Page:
Climate of Western Australia and Perth
Australia is situated in the Southern Hemisphere. This means that the seasons in Australia are quite the opposite of those found in Europe and North America. Here’s a quick rundown of the seasons in Australia.
Western Australia is by far the largest state in Australia and as such experiences a very diverse climate. The climatic zones of Western Australia vary from tropical, to semi-arid and Mediterranean in the south. In the north of the state hot monsoonal weather which includes cyclonic rains and thunderstorms is common. The central regions, which are in the semi-arid zone and mostly desert, endure very hot and dry conditions for most of the year with extremely cold night temperatures. The southern regions experience a more temperate climate, especially on the coastal regions. Some meteorologists describe these regions as Mediterranean, with warm and dry summers and mild and wet winters – ideal for wine and crop growing.
The highest recorded maximum temperature in Western Australia was recorded at Mardie in the Pilbara region on the 19th of February 1998, with 50.5 degrees Celsius.
The lowest recorded minimum temperature in Western Australia was recorded at Booylgoo Springs on the 12th of July 1969, with minus 6.7 degrees Celsius.
The Pilbara and Kimberley regions climate can be dramatic, with temperatures varying from under 5°C to over 40°C. Here the weather cycle consists of only two distinct seasons, Winter and Summer and major climate events such as cyclones and floods can affect travel arrangements for both those working in the region and those holidaying.
Wet season in the Kimberley and Pilbara regions usually consist of heavy falls of rain, but in short downpours, usually in the late afternoons and early evenings. Fantastic lightening shows and wonderful sunsets are a natural consequence of this varied climate. Electrical storms are prevalent during the wet season and whilst they can be spectacular to view, caution must be taken to ensure distance between you and lightening.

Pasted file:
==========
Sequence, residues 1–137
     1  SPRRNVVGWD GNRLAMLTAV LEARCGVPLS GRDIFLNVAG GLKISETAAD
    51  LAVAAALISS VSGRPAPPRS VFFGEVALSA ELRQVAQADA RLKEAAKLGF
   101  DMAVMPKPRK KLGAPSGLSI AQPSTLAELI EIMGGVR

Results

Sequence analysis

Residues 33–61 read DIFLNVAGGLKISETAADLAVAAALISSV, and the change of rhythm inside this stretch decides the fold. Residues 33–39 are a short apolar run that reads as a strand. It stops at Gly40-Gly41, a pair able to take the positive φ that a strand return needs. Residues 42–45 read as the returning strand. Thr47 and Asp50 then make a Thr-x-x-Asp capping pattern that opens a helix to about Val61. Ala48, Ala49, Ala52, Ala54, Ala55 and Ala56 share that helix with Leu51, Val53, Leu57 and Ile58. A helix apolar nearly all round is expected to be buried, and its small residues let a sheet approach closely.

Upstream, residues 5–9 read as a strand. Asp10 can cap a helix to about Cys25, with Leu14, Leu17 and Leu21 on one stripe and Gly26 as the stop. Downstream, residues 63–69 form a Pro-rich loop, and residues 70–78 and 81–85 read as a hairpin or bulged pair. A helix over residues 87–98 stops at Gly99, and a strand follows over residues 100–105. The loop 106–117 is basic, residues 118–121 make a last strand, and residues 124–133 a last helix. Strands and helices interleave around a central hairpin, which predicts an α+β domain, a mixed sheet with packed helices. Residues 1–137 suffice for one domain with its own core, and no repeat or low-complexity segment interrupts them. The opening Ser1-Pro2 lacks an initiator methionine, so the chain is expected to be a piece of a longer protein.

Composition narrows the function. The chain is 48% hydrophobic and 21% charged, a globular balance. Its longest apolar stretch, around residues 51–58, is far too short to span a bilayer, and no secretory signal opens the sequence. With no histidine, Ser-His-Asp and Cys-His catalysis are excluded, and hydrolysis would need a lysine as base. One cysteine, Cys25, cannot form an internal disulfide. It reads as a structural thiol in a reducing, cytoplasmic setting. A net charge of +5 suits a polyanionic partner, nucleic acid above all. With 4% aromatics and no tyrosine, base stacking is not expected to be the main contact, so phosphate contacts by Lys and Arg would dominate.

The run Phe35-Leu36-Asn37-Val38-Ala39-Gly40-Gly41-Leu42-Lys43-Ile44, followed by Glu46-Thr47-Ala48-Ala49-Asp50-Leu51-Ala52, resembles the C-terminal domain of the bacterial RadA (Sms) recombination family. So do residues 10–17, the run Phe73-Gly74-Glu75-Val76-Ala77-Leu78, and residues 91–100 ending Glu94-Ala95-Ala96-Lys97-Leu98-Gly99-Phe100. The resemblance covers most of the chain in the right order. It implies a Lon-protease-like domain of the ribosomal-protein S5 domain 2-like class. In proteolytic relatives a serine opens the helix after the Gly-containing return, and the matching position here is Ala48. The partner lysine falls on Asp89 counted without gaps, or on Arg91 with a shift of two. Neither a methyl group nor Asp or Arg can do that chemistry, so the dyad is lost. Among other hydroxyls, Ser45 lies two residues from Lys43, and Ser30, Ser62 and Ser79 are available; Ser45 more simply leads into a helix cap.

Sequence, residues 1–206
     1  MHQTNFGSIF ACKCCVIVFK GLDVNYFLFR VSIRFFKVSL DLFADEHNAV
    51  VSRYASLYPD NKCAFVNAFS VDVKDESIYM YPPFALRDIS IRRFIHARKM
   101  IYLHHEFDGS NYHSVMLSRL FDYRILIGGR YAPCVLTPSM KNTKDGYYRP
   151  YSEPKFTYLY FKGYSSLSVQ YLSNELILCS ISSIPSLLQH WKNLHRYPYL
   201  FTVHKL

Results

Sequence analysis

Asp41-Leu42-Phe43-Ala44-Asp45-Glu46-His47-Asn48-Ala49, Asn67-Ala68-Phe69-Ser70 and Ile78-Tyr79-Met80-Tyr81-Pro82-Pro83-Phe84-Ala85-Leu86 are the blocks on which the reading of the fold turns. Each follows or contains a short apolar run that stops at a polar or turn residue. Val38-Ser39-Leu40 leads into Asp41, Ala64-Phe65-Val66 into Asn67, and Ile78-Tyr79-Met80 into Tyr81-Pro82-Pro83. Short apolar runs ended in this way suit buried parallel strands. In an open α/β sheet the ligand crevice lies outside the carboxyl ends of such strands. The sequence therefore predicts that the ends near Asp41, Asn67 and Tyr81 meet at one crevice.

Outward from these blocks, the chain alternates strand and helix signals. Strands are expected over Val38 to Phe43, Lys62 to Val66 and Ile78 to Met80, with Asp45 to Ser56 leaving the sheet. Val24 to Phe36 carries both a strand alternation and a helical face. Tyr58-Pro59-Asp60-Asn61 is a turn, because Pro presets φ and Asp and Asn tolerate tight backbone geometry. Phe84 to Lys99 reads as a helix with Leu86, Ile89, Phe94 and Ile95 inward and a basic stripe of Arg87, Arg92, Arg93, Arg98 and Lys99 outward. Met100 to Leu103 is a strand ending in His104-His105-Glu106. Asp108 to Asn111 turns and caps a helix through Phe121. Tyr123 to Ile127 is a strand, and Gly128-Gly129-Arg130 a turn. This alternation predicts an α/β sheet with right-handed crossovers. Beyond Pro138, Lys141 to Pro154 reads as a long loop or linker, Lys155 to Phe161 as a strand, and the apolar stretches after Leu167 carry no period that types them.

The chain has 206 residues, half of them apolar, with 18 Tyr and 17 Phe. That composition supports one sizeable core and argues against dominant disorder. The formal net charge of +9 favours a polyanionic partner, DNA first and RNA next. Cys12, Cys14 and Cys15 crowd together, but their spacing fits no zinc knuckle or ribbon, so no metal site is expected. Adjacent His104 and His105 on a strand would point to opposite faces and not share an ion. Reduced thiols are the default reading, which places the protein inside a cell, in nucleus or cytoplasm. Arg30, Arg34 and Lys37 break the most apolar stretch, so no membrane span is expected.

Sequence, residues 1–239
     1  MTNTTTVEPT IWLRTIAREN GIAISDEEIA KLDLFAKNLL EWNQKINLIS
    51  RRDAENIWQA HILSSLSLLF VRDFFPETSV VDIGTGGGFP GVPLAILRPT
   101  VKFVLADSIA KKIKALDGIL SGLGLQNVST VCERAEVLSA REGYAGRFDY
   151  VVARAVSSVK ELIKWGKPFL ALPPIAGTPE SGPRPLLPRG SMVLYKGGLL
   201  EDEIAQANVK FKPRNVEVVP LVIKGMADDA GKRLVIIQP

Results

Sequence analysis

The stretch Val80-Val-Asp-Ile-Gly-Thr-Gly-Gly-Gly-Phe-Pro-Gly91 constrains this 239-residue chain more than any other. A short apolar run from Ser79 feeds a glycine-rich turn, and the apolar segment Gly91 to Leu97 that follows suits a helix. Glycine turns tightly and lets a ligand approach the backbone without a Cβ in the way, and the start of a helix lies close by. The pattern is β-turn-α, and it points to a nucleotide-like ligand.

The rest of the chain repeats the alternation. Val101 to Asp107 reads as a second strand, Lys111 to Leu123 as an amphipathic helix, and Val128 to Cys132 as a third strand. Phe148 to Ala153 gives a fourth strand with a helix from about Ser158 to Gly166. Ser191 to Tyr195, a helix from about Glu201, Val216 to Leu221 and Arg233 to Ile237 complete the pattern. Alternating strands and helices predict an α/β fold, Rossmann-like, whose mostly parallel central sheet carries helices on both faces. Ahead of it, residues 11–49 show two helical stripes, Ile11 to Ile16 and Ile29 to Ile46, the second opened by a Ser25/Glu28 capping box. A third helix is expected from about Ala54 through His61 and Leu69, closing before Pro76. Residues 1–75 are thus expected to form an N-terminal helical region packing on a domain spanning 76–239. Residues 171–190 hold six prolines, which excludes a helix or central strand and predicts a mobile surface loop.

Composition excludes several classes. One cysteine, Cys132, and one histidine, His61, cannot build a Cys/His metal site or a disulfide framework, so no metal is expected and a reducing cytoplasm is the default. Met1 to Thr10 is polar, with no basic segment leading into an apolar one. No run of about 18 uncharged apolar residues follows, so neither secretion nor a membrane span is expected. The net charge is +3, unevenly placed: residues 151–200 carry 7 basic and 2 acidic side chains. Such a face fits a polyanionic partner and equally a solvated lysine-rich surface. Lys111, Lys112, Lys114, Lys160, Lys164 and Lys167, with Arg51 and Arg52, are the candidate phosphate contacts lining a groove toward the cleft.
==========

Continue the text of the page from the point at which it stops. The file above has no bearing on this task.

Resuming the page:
As mentioned previously tropical cyclones are a regular occurrence in the Kimberley and Pilbara regions during the wet seasons. Alerts are issued for the varying degrees of warnings.
The Tropic of Capricorn virtually runs laterally through the centre of the state, effectively dividing the state into two, and south of the Tropic the weather is far more settled and predictable.
Perth experiences a very Mediterranean climate with hot and dry summers and cool moist winters. One well known and welcomed feature of the summer climate is the cooling relief delivered by the coastal breezes, affection ally called the “Fremantle Doctor”. This breeze arrives usually by mid morning and brings cool breezes to the city of Perth, which is approximately 15 kms from the coast.
The summer climate in Perth is considered hot. The average daily maximum temperature in summer is usually around 29 degrees Celsius, and it is not uncommon to have days of temperatures above 40 degrees Celsius. The average daily minimum temperature in summer is around 17 degrees Celsius. Needless to say, during the summer in Perth, an outdoor lifestyle is ideal, with long hot summer days and cool nights. Winter weather in Perth is usually mild and wet.
The average daily maximum temperature is around 18 degrees Celsius. The average daily minimum temperature is around 9 degrees Celsius.
The highest recorded maximum temperature in Perth was on the 23rd of February 1991, it was 46.2 degrees Celsius.
The lowest recorded minimum temperature in Perth was on the 17th of June 2006, it was minus 0.7 degrees Celsius.
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Links to climate details for other Australian States.
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